On November 16, 2003, the Broncos wore their white jerseys at home for the first time since 1983, in a game vs. the San Diego Chargers. This was compensation for a uniform mix-up, after the teams' first meeting at San Diego's Qualcomm Stadium in Week 2 earlier that season, when the Chargers were the team that was supposed to declare their uniform color. The Chargers were planning to wear their white jerseys, but the visiting Broncos came to the stadium in white, and were fined $25,000 by the NFL as a result. When the two teams met at INVESCO Field at Mile High later that season (Week 11), the NFL allowed the visiting Chargers to choose their uniform color in advance, and they chose navy blue, forcing the Broncos to wear their white jerseys at home.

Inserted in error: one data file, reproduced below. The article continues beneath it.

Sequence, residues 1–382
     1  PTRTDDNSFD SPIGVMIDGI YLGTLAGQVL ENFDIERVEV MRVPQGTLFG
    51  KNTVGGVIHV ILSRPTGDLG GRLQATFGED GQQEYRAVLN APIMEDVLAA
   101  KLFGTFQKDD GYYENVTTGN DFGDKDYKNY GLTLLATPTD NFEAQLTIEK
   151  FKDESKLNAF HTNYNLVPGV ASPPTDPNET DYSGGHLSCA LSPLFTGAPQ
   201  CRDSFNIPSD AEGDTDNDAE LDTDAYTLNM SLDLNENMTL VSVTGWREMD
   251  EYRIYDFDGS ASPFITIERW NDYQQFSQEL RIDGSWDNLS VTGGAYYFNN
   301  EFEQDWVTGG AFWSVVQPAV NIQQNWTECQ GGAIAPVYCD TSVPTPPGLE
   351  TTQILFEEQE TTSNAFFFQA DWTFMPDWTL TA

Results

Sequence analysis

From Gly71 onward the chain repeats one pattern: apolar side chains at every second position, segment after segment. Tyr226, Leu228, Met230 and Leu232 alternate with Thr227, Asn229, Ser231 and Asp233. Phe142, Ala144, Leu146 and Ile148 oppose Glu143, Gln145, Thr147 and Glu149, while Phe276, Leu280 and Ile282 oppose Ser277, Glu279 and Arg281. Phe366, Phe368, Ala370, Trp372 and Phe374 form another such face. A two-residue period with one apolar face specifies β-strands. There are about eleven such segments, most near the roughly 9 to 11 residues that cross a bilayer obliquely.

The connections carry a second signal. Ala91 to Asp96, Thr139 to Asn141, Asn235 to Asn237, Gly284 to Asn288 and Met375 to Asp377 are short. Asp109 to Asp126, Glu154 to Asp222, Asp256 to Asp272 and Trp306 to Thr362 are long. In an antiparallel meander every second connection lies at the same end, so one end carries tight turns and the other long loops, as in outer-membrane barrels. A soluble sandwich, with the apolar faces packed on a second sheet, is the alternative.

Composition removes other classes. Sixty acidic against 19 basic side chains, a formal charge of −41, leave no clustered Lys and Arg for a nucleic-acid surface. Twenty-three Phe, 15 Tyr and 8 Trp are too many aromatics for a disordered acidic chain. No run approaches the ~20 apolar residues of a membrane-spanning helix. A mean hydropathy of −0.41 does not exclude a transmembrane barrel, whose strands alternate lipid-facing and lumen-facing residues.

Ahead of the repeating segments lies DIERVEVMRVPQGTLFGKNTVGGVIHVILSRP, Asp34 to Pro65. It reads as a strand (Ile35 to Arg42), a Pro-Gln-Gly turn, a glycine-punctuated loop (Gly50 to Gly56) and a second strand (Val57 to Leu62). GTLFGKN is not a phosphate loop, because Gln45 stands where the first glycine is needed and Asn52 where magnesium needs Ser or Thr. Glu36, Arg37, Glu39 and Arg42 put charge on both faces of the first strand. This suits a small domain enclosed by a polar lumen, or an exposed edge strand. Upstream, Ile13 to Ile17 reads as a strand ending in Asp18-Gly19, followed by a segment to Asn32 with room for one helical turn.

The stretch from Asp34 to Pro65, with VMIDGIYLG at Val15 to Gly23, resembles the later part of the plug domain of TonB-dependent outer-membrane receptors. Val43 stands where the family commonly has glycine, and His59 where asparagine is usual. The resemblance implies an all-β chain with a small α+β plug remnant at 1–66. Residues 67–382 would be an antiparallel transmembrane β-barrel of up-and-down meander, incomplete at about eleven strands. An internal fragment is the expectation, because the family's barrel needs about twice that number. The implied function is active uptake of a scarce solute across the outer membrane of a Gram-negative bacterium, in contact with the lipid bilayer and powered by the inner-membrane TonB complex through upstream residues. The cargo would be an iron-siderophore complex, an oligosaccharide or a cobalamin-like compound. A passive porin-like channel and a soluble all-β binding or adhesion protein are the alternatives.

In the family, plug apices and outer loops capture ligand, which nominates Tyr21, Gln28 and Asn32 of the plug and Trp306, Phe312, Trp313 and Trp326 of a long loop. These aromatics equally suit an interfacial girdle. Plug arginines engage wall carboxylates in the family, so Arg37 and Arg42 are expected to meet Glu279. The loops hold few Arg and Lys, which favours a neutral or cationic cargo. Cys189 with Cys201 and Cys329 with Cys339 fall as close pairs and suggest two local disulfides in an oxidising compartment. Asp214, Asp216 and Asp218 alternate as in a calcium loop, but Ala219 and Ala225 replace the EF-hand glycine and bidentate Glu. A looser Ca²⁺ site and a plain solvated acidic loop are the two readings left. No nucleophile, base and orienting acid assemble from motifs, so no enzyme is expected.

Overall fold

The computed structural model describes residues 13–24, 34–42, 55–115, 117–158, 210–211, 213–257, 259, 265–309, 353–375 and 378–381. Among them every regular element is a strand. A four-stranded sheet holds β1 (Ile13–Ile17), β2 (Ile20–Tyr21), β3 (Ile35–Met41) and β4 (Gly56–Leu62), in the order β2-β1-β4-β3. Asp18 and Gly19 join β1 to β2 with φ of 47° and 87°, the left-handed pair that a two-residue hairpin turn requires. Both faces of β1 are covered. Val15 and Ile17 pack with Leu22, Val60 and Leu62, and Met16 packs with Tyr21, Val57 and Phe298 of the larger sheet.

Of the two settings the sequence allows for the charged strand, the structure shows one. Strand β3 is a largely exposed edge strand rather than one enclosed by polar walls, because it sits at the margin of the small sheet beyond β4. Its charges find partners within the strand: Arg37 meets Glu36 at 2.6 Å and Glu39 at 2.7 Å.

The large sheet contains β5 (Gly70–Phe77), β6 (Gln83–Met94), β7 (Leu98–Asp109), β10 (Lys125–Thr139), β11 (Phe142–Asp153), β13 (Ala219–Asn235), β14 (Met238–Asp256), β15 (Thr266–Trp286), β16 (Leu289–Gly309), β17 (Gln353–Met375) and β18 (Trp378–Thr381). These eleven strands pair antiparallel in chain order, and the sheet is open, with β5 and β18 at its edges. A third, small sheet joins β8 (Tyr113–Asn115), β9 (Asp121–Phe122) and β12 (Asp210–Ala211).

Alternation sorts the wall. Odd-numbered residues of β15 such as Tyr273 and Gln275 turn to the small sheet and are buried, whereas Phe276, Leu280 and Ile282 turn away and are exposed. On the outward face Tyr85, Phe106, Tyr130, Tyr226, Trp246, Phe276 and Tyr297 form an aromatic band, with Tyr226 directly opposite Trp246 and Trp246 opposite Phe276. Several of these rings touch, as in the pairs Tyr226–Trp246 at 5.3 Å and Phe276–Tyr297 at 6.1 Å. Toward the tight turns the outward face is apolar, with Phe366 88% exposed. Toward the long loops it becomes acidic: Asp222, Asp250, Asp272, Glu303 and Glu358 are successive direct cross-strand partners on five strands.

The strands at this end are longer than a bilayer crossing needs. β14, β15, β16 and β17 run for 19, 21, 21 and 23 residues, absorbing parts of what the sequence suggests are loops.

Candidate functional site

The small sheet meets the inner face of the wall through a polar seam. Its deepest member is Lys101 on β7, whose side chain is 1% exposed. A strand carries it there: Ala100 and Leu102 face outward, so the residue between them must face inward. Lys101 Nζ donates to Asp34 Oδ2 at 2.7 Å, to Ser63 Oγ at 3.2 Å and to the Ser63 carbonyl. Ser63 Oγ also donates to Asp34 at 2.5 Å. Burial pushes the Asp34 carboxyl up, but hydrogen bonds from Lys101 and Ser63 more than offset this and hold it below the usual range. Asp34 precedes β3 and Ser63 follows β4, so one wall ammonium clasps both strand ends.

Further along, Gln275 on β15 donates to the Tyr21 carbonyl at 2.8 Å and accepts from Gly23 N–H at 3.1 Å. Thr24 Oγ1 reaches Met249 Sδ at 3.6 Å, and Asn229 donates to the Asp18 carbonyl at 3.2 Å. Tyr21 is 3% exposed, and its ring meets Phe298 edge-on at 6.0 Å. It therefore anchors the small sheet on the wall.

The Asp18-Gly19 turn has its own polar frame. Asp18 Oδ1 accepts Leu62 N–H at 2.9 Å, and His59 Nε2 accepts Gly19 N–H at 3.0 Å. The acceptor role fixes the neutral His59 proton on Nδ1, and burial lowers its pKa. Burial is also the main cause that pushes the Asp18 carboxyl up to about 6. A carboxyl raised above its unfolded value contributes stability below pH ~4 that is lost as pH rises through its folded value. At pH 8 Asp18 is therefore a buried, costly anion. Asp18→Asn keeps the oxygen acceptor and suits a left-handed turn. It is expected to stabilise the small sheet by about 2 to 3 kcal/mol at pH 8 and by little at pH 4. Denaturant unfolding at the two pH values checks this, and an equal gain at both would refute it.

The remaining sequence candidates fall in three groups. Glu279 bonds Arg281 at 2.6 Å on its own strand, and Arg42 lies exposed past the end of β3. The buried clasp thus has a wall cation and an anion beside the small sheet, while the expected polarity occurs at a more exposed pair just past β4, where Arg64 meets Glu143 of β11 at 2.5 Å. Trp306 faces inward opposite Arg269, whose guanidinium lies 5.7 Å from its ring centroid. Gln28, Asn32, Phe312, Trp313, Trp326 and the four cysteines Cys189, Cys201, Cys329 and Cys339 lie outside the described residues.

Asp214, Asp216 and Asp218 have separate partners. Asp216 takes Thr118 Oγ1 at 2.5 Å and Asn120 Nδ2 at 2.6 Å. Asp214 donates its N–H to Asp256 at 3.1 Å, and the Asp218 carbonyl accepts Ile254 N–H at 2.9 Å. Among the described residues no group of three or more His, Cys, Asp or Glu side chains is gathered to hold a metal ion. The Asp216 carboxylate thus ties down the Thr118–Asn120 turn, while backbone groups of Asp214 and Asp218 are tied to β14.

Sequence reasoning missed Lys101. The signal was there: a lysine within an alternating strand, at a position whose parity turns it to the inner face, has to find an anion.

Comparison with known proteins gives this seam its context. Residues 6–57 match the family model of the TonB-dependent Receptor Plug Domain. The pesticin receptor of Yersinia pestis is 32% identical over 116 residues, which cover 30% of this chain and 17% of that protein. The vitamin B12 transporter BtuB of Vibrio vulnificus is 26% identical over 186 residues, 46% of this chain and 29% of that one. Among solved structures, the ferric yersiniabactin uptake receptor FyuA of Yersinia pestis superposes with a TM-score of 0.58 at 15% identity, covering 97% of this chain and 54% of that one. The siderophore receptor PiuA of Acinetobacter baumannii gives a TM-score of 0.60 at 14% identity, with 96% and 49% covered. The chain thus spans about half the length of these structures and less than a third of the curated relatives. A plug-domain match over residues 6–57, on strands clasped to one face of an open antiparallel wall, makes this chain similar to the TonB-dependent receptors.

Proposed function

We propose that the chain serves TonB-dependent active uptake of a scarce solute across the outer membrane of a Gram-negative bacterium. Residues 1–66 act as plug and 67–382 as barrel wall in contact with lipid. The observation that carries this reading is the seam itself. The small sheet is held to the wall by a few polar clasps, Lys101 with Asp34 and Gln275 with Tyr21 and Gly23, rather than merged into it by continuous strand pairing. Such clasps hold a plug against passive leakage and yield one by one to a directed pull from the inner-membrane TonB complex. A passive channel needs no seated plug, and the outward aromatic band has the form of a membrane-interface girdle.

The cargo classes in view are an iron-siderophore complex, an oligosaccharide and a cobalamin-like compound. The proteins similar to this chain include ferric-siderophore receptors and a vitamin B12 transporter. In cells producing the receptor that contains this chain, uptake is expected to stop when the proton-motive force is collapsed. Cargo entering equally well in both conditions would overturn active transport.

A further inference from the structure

In 2009, in honor of their 50th anniversary season as one of the eight original American Football League teams, the Broncos wore their 1960 throwback uniforms (brown helmets, mustard yellow and brown jerseys) for games against two fellow AFL rivals—a Week 5 home game vs. the New England Patriots, as well as the following week at the San Diego Chargers.